Animating the Absurd – Molière, Grandmaster of Comedy

Molière as César in 'La Mort de Pompée'painted by Nicolas Mignard (1658)

Molière as César in ‘La Mort de Pompée’ painted by Nicolas Mignard (1658)

(Probably) on January 14th, 1622, Jean-Baptiste Poquelin, French playwright and actor who is known by his stage name Molière was born. He is considered to be one of the greatest masters of comedy in Western literature.

“Le monde, chère Agnès, est une étrange chose.”
(The world, dear Agnes, is a strange affair.)
– Molière, L’École des Femmes (1662), Act II, sc. v

The Illustrious Theatre

Jean-Baptiste Poquelin was baptized in Paris on January 15, 1622 as son of Jean Poquelin and Marie Cressé, the daughter of a prosperous bourgeois family. His father was one of eight valets de chambre tapissiers de Roi, who tended the king’s furniture and upholstery, so the young Poquelin received every advantage a boy could wish for. He was educated at the College de Clermont in Paris, on of the finest schools in France, and had access to the king’s court. But, the boy never showed much of an interest for the business of upholstering. He was expected to take over the post his father held, but in June 1643, when Jean-Baptiste was 21, he decided to abandon his social class and pursue a career on the stage. He had fallen in love with a beautiful red-headed actress named Madeleine Béjart. Along with Madeleine, her brother Joseph and sister Genevieve, and about a dozen other young well-to-do hopefuls, he founded a dramatic troupe called The Illustrious Theater. It was about this time that he changed his name to Molière, probably to spare his father the embarrassment of having an actor in the family.

First Success

One year later, having already served two prison terms as a result of the company’s debts, Molière joined another company with the Béjarts and toured all over France for the next thirteen years. In 1650 he became the head of the company, and he managed to secure the patronage of the Prince of Conti. The short, stocky Molière was a hard worker. He frequently acted, sometimes under a clown’s mask, with the company he managed. It was during this period that Molière began to write his own plays for the company. His first important piece, L’Étourdi or The Blunderer, followed the escapades of Mascarille, a shrewd servant who sets about furthering his master’s love affair with a young woman only to have his plans thwarted when the blundering lover inadvertantly interferes. The piece immediately proved quite successful, and a number of other works followed. By the spring of 1658, Molière and his much-improved company decided to try their luck once more in Paris. When they learned that the King’s brother, the Duke of Anjou, was said to be interested in supporting a dramatic company which would bear his name, they immediately set about gaining an introduction to the Court.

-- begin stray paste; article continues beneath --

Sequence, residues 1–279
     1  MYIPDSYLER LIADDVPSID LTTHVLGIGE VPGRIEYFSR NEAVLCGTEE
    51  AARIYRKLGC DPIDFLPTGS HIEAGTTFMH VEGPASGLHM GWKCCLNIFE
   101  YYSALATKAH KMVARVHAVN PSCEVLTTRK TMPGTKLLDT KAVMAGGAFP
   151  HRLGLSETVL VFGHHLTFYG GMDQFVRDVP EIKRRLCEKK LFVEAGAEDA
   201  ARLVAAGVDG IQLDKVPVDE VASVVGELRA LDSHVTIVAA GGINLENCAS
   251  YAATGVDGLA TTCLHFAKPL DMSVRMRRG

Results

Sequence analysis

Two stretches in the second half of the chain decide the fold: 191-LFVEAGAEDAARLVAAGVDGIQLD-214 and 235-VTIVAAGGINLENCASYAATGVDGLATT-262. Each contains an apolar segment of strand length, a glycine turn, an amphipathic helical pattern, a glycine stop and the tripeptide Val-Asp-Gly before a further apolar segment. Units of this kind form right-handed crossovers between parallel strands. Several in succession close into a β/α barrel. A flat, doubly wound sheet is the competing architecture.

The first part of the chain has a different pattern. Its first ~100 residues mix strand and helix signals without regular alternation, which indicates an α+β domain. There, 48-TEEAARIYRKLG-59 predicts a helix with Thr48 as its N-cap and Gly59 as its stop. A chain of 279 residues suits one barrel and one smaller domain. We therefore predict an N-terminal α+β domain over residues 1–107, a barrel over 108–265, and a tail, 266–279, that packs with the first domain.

Louis XIV invites Molière to share his supper—an unfounded Romantic anecdote, illustrated in 1863 painting by Jean-Léon Gérôme

Louis XIV invites Molière to share his supper—an unfounded Romantic anecdote, illustrated in 1863 painting by Jean-Léon Gérôme

King Louis XIV and The Lovesick Doctor

On the evening of October 24, 1658, Molière and his company performed for the first time before Louis XIV in the Guard Room of the old Louvre Palace. However, they made a crucial mistake by performing a tragedy instead of one of their popular comedies. The Court was not impressed, but Molière, fortunately realizing their blunder, approached the King just in time and asked permission to perform one of his own plays, The Love-Sick Doctor, which was an immediate success: the King granted Molière and his company the use of the Hôtel du Petit Bourbon, one of the three most important theaters in Paris.

“On ne meurt qu’une fois; et c’est pour si longtemps!”
(We die only once, and for such a long time!)
— Molière, Le Dépit Amoureux (1656), Act V, sc. iii.